It's also tempting to forget, when looking at her today, just how much ugly sexist vitriol was aimed at her during her time as First Lady and, to a slightly lesser but still significant degree, in her 2008 campaign. If she runs again, and especially if she becomes the Democratic nominee, it will come back in greater force than ever. Ann Friedman laments Clinton's Catch-22:
It’s the policy idea that just won’t die, and seems to reanimate whenever legislators have run out of substantive issues to push. Case in point: Last week’s appallingly thin op-ed by 2016 hopeful Bobby Jindal, which argues that “structural reforms” are needed to get the United States back on the right path, and suggests term limits as one of, well, two structural reforms that would do the trick (the other is a multi-part budget plan).
Joe Lieberman left the Senate for the last time today, and the Washington Post‘s Dana Milbank was there to witness his lonely departure. For Milbank, Senate Democrats’ clear disdain for the Connecticut senator is further evidence of the polarization and incivility that mark modern Washington:
A few more senators arrived during the 20-minute speech, but even by the end Lieberman was very much alone — which is how it has been for much of his 24-year tenure. He tried to push back against the mindless partisanship that developed in the chamber, and he paid dearly for it.
Liberals often joke about how all it takes is one backbench Democratic member of Congress looking at another one funny to produce a "Dems in Disarray!" headline. But today the Republicans truly are in disarray. They just got whupped in a presidential election; they can't quite seem to figure out how to handle the current fiscal negotiations; their leading figure is a not-particularly-appealing House Speaker terrified of his own caucus; their agenda is clearly unpopular; they can't escape their image as the party of the rich; and they represent, almost exclusively, a demographic (white people) that is rapidly sliding toward minority status. It's not a good time to be a Republican.
Which is why, as a public service announcement, I thought I'd offer a little reminder...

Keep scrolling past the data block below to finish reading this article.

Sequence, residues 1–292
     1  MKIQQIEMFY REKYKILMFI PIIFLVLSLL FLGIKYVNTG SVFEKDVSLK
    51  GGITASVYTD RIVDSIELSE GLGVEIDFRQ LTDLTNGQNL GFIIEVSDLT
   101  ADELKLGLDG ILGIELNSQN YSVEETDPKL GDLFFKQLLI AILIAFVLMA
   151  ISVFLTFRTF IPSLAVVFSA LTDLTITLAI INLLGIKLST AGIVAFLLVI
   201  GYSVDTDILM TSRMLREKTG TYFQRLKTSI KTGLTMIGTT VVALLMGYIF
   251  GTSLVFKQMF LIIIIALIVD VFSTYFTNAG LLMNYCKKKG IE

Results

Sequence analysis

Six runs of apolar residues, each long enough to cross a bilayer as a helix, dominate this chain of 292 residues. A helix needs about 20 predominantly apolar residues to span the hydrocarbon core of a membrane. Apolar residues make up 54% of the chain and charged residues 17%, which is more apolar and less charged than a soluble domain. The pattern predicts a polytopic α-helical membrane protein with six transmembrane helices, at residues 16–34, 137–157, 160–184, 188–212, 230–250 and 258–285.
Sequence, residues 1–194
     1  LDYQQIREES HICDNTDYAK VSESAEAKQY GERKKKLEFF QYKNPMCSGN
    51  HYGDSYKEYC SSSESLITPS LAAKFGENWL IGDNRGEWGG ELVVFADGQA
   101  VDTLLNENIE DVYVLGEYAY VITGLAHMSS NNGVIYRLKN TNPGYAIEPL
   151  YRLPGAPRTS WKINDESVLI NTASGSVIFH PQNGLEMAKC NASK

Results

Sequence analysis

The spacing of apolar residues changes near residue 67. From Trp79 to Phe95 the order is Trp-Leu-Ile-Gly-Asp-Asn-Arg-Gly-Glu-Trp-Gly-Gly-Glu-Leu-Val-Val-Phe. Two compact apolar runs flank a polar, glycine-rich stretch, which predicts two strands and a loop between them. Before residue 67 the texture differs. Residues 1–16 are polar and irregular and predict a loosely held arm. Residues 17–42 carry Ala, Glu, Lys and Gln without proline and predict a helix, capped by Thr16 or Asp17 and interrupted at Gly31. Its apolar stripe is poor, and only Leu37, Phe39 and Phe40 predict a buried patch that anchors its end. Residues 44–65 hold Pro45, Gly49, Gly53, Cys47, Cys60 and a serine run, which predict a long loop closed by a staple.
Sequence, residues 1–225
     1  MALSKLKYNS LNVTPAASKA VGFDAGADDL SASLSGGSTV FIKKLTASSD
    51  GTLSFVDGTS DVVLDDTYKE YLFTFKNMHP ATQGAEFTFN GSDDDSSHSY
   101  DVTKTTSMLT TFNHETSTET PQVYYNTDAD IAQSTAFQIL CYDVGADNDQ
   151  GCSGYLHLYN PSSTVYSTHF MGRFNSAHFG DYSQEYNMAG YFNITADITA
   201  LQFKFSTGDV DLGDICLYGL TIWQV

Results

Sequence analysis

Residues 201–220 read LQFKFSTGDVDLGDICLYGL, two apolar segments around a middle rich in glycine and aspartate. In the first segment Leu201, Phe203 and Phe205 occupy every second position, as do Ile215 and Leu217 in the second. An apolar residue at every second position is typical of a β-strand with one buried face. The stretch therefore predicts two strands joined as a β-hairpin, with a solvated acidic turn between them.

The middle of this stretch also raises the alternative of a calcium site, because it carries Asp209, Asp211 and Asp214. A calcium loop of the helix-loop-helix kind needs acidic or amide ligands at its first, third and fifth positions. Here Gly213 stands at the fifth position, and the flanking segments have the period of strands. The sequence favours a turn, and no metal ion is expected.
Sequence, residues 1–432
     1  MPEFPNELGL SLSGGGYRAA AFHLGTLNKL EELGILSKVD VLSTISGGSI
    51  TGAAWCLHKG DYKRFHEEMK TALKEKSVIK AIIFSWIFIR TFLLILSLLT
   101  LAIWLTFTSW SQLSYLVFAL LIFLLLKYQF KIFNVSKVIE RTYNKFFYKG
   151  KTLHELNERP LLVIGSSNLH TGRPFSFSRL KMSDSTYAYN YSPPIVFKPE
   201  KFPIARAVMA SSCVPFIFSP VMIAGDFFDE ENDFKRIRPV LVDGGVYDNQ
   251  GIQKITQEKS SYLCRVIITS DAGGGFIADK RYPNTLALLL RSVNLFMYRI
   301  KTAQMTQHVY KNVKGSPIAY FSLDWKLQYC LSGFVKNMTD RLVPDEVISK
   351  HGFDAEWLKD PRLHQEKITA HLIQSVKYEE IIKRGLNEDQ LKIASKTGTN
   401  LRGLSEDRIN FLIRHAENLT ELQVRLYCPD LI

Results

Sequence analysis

At a press conference in April 2012, New York Times reporter Binyamin Appelbaum asked Federal Reserve Chairman Ben Bernanke to respond to criticism that he wasn’t doing enough to bring down unemployment. Bernanke responded:
“[T]he question is: Does it make sense to actively seek a higher inflation rate in order to achieve a slightly increased pace of reduction in the unemployment rate? The view of the committee is that that would be very reckless. We have … spent 30 years building up credibility for low and stable inflation."
There's been an odd change in Republican rhetoric in the last few weeks about taxes. As we all know, for a couple of decades now, particularly since George H.W. Bush went back on his "Read my lips" promise and agreed to a tax increase to bring down the deficit, Republicans have been uncompromising and dogmatic that taxes must never be raised in any form, ever. That's part of the pledge Grover Norquist has made nearly all of them sign—not just that rates should only ratchet down, but also that they will "oppose any net reduction or elimination of deductions and credits, unless matched dollar for dollar by further reducing tax rates." With the bitter taste of defeat still lingering in their mouths, many have realized that there is going to be some increase in the wealthy's taxes. But to hear them talk now, you'd think that they don't much care how much people pay in taxes, so long as the top marginal income rate doesn't go up. Here's Karl Rove writing in the Wall Street Journal, explaining President Obama's nefarious plan to divide them:
But the president is now less interested in raising revenues than in raising marginal tax rates on top earners. He apparently believes that Republicans, in a weakened state and defending an unpopular position, might buckle on a central GOP tenet, opposition to any increase in marginal rates. That might kick off a Republican civil war, resulting in divisive party primaries in 2014 that leave the president's opposition even more weakened and produce more subpar candidates like this year's Republican Senate candidates in Indiana and Missouri.
So the "central GOP tenet" isn't opposition to tax increases, it's "opposition to any increase in marginal rates." That's like a baseball manager saying the point isn't whether his defense keeps the other team from scoring runs, it's just that they won't stand for homers.